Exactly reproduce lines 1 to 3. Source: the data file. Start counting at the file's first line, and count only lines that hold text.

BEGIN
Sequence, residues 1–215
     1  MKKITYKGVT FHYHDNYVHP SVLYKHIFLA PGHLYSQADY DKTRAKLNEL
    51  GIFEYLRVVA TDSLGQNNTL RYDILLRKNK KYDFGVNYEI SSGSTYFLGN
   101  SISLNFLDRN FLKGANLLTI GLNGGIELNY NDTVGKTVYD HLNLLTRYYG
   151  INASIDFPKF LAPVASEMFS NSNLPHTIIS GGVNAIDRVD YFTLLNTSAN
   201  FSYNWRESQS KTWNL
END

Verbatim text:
Sequence, residues 1–215
     1  MKKITYKGVT FHYHDNYVHP SVLYKHIFLA PGHLYSQADY DKTRAKLNEL
    51  GIFEYLRVVA TDSLGQNNTL RYDILLRKNK KYDFGVNYEI SSGSTYFLGN